Inkvaders is a game from , originally released 31st December, 1969

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Inkvaders Review

Do you ever doodle in the margins of notebook paper? Scribble out an alien invasion on the moon, perhaps? Sketch in a marine to blow Martian brains across the cratered landscape? Well, according to legend (as reported in the game’s marketing copy), that was the genesis of the game Inkvaders, the new side-scrolling shooter from Games Faction.

As the hand-drawn hero, it’s up to you and you alone to defeat the endless waves of Martian baddies. To wreak your havoc, you can switch between a laser, a gun, and a rocket launcher. It is in your favor that the aliens carry weak lasers that can only shoot at very close range, but what they lack in munitions they make up for in sheer numbers. These buggers are everywhere.

Catch that comet.

The controls are superb. Onscreen buttons allow you to move left, right, shoot, and jump. You tap power-ups to collect them and tap vending machines to purchase weapons, ammo, health, and jet pack fuel. Graphically, this game impresses as well. The whole thing is drawn in an appealing cartoony style. Killing aliens results in an abundance of gore that is very satisfying, and there’s usually something interesting happening in the background.

The problem is that there’s not enough to the game. It’s missing leaderboards and a multiplayer mode. Level design is nonexistent. There are no platforms or pits, and aside from the vending machines and power-ups, there’s nothing at all to interact with in the environment. All you do is walk to the right and kill aliens. The enemies, which either come at you from the left or the right, have various sprites and animations, but they all attack you with the same short-range laser.

Off with their heads.

Money is represented by collectible Martian rocks and comets. You spend these to upgrade your weapons, but the weapon upgrades are so expensive that you can only purchase one every five or six levels. And, you’ll need to purchase them, because as you progress the aliens come in greater numbers and can absorb more damage. Maintaining a one shot kill is essential.

Inkvaders starts as a fun diversion, full of character and silly gore. But with every level being almost exactly the same and gun upgrades few and far between, you’ll be ready to move on to another game before you get to the second world.

If you want some mindless fun and keep your expectations low, this game might be worth the small asking price. If you’re looking for something with a little depth, there are plenty of alien invasions to fight off elsewhere in the App Store.

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Inkvaders Hands-On

The App Store has proven to be a profitable market for side-scrolling action games, with titles such as Zombieville USA and Sparta topping the charts. However, we have yet to find the definitive game of the genre. Will Chillingo’s take, Inkvaders, change this for us? We went hands-on with the game to find out.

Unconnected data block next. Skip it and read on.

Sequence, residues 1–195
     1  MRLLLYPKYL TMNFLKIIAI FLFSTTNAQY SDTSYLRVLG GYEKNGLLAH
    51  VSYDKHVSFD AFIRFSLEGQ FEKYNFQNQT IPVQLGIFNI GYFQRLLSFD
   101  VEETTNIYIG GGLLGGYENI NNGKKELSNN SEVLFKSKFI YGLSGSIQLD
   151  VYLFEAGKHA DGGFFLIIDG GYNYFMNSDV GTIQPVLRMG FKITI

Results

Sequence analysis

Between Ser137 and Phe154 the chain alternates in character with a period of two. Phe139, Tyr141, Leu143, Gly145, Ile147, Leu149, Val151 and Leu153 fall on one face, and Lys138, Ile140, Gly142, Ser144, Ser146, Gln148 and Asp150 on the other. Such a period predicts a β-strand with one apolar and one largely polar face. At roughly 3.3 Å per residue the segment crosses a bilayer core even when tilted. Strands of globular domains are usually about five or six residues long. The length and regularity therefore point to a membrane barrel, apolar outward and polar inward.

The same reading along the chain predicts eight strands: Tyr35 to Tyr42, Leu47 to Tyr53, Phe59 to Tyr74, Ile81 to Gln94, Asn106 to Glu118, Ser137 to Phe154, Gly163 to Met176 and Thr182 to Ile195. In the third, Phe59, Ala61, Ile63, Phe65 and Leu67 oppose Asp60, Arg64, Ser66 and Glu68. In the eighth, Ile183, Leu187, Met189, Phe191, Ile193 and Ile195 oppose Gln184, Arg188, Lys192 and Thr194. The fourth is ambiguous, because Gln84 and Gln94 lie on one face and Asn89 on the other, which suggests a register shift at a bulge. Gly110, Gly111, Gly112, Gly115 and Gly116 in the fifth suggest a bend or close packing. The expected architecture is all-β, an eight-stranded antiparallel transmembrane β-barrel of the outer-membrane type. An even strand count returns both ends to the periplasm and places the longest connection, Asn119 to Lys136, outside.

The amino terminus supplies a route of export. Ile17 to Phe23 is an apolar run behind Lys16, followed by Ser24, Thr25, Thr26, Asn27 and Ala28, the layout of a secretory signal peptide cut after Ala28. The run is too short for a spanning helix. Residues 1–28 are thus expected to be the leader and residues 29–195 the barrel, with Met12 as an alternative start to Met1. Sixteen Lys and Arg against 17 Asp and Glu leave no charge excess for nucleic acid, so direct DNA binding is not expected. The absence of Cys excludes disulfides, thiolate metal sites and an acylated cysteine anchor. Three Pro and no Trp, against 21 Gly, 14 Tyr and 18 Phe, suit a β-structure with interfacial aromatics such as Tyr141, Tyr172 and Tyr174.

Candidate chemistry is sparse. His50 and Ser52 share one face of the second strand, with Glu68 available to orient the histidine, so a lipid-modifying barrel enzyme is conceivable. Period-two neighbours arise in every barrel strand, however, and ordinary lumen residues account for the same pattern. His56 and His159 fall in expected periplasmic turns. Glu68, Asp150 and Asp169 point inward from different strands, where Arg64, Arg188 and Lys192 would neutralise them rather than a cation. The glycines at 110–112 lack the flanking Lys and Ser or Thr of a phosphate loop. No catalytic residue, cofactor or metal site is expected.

The premise of Inkvaders is that you play ‘Generic Marine’ (referred to as G) whose mission is to blast away at invading Martians to save Earth. Visually, the game has the hand-drawn style down pat. The high-quality sprites and environments are very detailed, and the notepad spirals along the top of the screen make it all the more ‘realistic’. The developers seem to have kept everything simple to avoid clutter and confusion.

Inkvaders’ story mode consists of three areas: the Moon, an Army base, and a city, each with ten levels. Every stage has you traveling from point A to point B, blasting away as many enemies as possible to achieve higher scores. Once you lose all three lives, it’s game over. Unfortunately, there is no level selection, so you must start from square one every time.

Each stage is increasingly harder, but you have a trusty set of three guns at your side, each of which can be upgraded five times. Upgrades, bullets and health can be bought at vending machines along the way.

What really makes the game different in terms of gameplay is the ability to soar above the battle with a nifty jetpack. As you do so, an energy bar depletes. This mechanic is important for collecting money meteors and avoiding slaughter from oncoming Martian hordes.

We also enjoyed the game’s rampage attacks, which are initiated by picking up certain crates along levels. These pit you against a relentless swarm of Martians for a set amount of time. However, you also reap the benefits both in money and points.

Inkvaders also includes an endurance mode, where players go for endless amounts of levels until they are killed. Experts of the genre who can blaze through the story mode will find increased challenge here. There are also three difficulty levels so that players of all skill levels will feel at home.

It is also important to note the game’s thumping techno-rock soundtrack. This keeps the energy high and fits nicely with the style.

The developer has stated that high scores and achievements through OpenFeint will be added in future updates, which we feel is a must for a high score game such as Inkvaders. However, in its current state Inkvaders is looking like a good deal for the $0.99 asking price. Inkvaders has already been submitted, so hopefully we will see it on the App Store very soon.